LA changes Columbus Day to ‘Indigenous Peoples Day’ as statues continue to be destroyed
Members of the Los Angeles City Council voted 14-1 to replace Columbus Day with Indigenous Peoples Day on Wednesday. The day will remain a paid holiday for all city employees, but will not be officially renamed until 2019.
Councilman Mitch O'Farrell, a member of the Wyandotte Nation tribe who introduced the motion two years ago, said that by changing the name of the day, the city has established a “fitting holiday that we can all be proud of.”
“Today is a moment where we took a step that is righteous, that is just, that is healing, and that is historically clear,” O'Farrell said.
Councilman Joe Buscaino, a first-generation Italian-American, was the only opposition vote. He said the move would only serve to “cure one offense with another.”
“All of our individual cultures matter,” Buscaino said, according to the Los Angeles Times.
Buscaino and three other council members attempted to establish a holiday for indigenous peoples on August 9, a date the United Nations recognizes as Indigenous Peoples Day. However, the council rejected the measure in an 11-4 vote on Wednesday.
The council also established ‘Italian-American Heritage Day,’ which will be observed on October 12, the date of Columbus’ arrival in America in 1492. It will not, however, be recognized as a paid holiday.
The vote came after council members heard arguments from a room filled with activists and protesters.
Chrissie Castro, vice chairwoman of the Los Angeles City-County Native American Indian Commission, said the city council needed to “dismantle a state-sponsored celebration of genocide of indigenous peoples.”
“To make us celebrate on any other day would be a further injustice,” Castro said, according to the Los Angeles Times.
Patrick Korten, a board member of the National Christopher Columbus Association, told KTTV that the city council made “a huge error” by blaming Columbus for the genocide of Native Americans.
“He bore no responsibility for it and as a matter of fact, if you do the slightest little bit of history on the man and read his diaries, and what was said about him following the years of the discovery, it is clear that Columbus personally had great affection for the indigenous people he encountered and went out of his way to order his men not to abuse them in any fashion,” Korten said.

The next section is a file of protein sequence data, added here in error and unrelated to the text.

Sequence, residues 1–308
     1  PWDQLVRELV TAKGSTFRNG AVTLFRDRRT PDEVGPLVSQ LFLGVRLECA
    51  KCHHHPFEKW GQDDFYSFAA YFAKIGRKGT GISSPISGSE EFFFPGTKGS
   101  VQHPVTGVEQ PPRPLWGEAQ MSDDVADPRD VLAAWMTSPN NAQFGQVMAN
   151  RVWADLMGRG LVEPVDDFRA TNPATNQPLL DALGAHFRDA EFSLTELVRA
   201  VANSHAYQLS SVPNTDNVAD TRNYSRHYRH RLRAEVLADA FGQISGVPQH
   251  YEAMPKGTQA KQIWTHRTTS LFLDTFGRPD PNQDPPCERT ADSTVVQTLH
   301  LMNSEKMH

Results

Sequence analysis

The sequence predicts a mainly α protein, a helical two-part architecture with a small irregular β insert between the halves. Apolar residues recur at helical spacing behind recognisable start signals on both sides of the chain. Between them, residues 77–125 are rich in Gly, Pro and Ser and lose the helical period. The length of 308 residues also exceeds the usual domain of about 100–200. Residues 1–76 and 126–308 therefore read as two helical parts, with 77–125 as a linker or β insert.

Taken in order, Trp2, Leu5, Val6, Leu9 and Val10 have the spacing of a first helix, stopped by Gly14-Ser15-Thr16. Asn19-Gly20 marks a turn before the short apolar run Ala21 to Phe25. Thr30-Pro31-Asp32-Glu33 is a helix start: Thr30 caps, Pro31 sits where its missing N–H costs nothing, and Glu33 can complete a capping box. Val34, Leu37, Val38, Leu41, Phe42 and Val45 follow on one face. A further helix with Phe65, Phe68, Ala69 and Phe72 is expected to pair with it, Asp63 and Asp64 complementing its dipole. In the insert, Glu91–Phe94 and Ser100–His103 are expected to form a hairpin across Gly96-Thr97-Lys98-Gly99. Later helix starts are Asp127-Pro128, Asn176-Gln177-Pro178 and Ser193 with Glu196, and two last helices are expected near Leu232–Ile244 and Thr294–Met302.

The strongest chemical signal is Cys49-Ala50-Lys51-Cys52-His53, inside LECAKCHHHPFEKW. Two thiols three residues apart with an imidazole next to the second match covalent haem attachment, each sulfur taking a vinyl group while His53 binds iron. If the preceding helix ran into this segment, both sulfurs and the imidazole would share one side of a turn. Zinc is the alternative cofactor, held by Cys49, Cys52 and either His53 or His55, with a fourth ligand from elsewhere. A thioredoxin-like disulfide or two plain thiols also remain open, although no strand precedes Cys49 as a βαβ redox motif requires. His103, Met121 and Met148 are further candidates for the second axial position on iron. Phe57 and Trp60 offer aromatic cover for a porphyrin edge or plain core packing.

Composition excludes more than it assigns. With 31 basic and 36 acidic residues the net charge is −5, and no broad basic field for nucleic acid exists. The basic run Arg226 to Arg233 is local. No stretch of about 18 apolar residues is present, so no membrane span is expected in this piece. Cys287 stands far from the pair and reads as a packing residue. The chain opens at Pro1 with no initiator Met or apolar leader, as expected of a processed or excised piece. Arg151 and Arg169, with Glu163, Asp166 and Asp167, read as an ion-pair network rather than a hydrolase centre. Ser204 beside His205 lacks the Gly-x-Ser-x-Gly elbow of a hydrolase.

Los Angeles joins San Francisco and Seattle, which have also replaced the holiday with Indigenous Peoples Day in previous years.
The measure was passed as several statues of the 15th-century explorer have been destroyed in recent weeks.
On Wednesday, a statue of Columbus was found beheaded in a park in New York City.
New York City Mayor Bill De Blasio is considering ordering the removal of a landmark statue of the explorer that has stood in Columbus Circle since 1892. The statue was erected to commemorate the 400th anniversary of the explorer landing in the Americas.
After protests in Charlottesville, Virginia turned deadly over the planned removal of a statue of Confederate General Robert E. Lee, De Blasio announced a “90-day review of all symbols of hate on city property.”
However, following a backlash from the community over his plans to remove the statue of Columbus, De Blasio said he would consider adding a plaque to the statue that would offer an explanation about the historical figure.
Last week, vandals destroyed the oldest statue of Columbus in the nation.
The 44-foot obelisk in Baltimore, Maryland was found with a sign leaning at the base that reads “Racism: Tear it down,” and another lying in the grass nearby that read “The future is racial and economic justice.”
In a video posted by the vandals, a person can be seen smashing the monument with a sledge hammer while another person explains why they are destroying the 225-year-old monument.
“Racist monuments to slave owners and murderers have always bothered me,” a narrator says in the video. “Baltimore’s poverty is concentrated in African-American households, and these statues are just an extra slap in the face. They were built in the 20th century in response to a movement for African Americans’ human dignity. What kind of a culture goes to such lengths to build such hate-filled monuments? What kind of a culture clings to those monuments in 2017?”